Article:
Jehovah's Witnesses - Who are they and what do they believe?

Unlike in the case of Christians who are persecuted in other lands for talking about Jesus Christ, Jehovah's Witnesses are largely persecuted for following the teachings of their corporate headquarters. 

The deadbeat Watchtower corporation pays no municipal taxes on their buildings, without even one charity to compensate the community. 

Jehovah's Witnesses at your door -- who are they? 

The Watchtower is Big money, being one of the top 40 New York City Corporations making nearly one billion dollars a year. That's just from one of their many corporations. 

Jehovah's Witnesses follow the teachings begun during the second presidency of the Watchtower, when Joseph F. Rutherford took over in a corporate flap and began changing doctrines quickly in the Watchtower belief system. He claimed that angels directly conveyed "truth" to some of those in leadership. He coined the name "Jehovah's Witnesses" to make them stand out from being witnesses of Jesus, a typical evangelical expression (and a Biblical one). 

Rutherford dumped holidays, birthdays and the 1874 date for the invisible return on Christ, and invented an "earthly class" of Witnesses, since only 144,000 can go to heaven according to their teaching. The rest, meaning all 99.9% of Witnesses still alive, will live forever on a cleansed earth, under the rule of the Watchtower corporate headquarter leaders in heaven, who will keep them in line by local elders known as "princes." 

If you have been "witnessed to" by Jehovah's Witnesses and you reject their message, you will likely die "shortly" at Armageddon with all the other non-Witnesses, since theirs is the only true religion, and (if they can live up to all the rules) they are the only ones to inhabit this "new earth." If you believe Witnesses seem rigid now, any non-conformist during the future "cleansed earth" will be directly destroyed by their god. Even now a Witness will be disfellowshipped (excommunicated) for any one of many gaffs, such as smoking, taking a blood transfusion, or even voting. 

To even vocally question the teachings of the Jehovah's Witness organization will result in complete cutting off, with family and friends usually being forbidden to talk to them. The Watchtower is a truly Orwellian world, in a time when Orwellian societies are nearly obsolete. 

In his "Adams Versus God," Melbourne broadcaster Phillip Adams said in 1985 that, according to US studies, "Jehovah's Witnesses are more likely to be admitted to psychiatric hospitals than the general population". 

"According to an article in the British Journal of Psychiatry," he said, "they are three times more likely to be diagnosed as suffering from schizophrenia and four times more likely to be paranoid schizophrenics.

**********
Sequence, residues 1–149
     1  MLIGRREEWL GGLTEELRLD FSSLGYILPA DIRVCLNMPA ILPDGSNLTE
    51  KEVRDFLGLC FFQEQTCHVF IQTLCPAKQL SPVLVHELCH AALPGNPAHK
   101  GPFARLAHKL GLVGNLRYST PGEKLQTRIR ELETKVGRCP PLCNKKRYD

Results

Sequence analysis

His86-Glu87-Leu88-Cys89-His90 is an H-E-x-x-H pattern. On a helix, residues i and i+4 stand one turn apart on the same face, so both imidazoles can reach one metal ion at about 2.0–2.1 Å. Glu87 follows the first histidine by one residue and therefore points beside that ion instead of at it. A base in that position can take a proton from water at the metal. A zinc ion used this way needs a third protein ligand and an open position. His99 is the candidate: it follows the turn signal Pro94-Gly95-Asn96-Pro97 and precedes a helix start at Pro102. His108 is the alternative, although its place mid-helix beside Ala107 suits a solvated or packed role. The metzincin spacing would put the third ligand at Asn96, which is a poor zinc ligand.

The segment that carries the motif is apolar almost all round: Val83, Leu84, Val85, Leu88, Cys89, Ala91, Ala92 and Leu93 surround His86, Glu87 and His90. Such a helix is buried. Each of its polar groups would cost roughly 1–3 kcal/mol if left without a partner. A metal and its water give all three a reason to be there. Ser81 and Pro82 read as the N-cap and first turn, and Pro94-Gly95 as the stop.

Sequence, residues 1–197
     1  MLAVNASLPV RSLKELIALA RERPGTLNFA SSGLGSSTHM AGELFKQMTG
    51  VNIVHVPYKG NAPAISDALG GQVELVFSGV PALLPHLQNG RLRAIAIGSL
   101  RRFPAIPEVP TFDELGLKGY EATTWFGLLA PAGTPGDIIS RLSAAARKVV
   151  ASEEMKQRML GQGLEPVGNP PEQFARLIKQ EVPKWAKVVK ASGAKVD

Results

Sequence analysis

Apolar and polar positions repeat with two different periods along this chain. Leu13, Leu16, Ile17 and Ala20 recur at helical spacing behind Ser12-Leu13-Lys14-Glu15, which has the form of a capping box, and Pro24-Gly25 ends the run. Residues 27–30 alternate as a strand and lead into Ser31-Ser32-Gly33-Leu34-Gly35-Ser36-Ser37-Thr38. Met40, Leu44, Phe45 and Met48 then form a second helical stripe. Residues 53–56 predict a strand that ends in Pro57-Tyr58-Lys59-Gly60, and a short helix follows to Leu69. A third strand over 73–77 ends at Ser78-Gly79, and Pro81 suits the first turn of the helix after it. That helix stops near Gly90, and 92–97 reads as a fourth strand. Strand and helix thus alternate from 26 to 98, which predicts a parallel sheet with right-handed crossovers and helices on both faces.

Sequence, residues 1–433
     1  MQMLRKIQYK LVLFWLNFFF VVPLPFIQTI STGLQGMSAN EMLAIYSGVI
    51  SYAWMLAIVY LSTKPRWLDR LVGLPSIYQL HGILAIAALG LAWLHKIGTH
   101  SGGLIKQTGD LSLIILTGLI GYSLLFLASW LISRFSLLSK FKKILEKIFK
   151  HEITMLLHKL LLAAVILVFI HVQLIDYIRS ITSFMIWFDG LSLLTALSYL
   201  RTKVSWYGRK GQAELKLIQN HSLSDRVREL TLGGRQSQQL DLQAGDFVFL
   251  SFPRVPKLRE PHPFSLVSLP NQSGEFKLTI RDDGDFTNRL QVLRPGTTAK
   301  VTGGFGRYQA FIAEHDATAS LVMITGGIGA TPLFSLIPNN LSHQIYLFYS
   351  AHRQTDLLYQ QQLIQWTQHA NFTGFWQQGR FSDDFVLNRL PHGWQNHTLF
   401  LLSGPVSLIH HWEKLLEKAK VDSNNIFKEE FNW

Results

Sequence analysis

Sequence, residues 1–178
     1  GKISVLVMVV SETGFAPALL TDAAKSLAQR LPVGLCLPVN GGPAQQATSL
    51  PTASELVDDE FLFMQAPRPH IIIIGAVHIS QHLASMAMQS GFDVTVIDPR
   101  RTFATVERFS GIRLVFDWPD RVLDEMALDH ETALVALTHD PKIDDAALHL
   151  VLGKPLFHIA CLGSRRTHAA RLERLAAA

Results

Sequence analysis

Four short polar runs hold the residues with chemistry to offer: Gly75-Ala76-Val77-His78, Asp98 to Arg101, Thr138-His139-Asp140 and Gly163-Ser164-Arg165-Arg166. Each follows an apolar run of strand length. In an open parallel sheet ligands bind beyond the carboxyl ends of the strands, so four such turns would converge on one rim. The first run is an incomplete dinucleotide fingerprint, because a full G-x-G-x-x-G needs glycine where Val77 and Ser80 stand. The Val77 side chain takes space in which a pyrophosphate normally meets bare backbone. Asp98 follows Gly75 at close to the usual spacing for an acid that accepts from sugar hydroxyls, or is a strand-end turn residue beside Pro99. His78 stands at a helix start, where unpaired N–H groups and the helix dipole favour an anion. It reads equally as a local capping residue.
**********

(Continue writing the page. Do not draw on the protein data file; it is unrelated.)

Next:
"As a writer in the American journal Free Inquiry puts it: 'Either the Jehovah's Witness sect tends to attract an excess of pre-psychotic individuals who may then break down, or else being a Jehovah's Witness is itself a stress that may precipitate psychosis. "'Possibly both of these factors operate together ...'" 

References: ( type in a search word to find articles easily ) ( latest news on the child abuse lawsuits against the Watchtower ) 

About the author Danny Haszard: Former Jehovah's Witness X 33 years and 3rd generation. Now a counter-cult educator. My home page, WATCHTOWER WHISTLEBLOWER:
Sons of Jehovah's Witnesses return from war without welcome

Created: 11/6/2005
Associated Press
CANTON, Ohio (AP) -- Two members of the Third Battalion, 25th Marines are still waiting to be welcomed home.
The unit came back to Ohio last month after losing 48 members in Iraq. But the parents of Jason and Johel Woodliff didn't come out for the homecoming. 

Thomas and Mia Woodliff are against war because they're Jehovah's Witnesses. They say they respect their sons' decision to enlist, but they can't reconcile it with their faith. 

Johel Woodliff says he begged his mother to greet him and his brother when they came back. He says his parents were upset with him when he turned down a college scholarship to enlist. 

Jason Woodliff says he was kicked out of the house when he told his parents he wanted to join the Marines. He says he hasn't spoken with his father in five years.
Witnessing for the faith

Thousands arrive for an annual Jehovah's Witness gathering

Claudia Zequeira
Sentinel Staff Writer 
Posted July 23, 2006 

KISSIMMEE -- Jeff and Lucia Clay, both Jehovah's Witnesses, remember the days when their tiny Bible reading group gathered in a downtown Kissimmee home more than 50 years ago.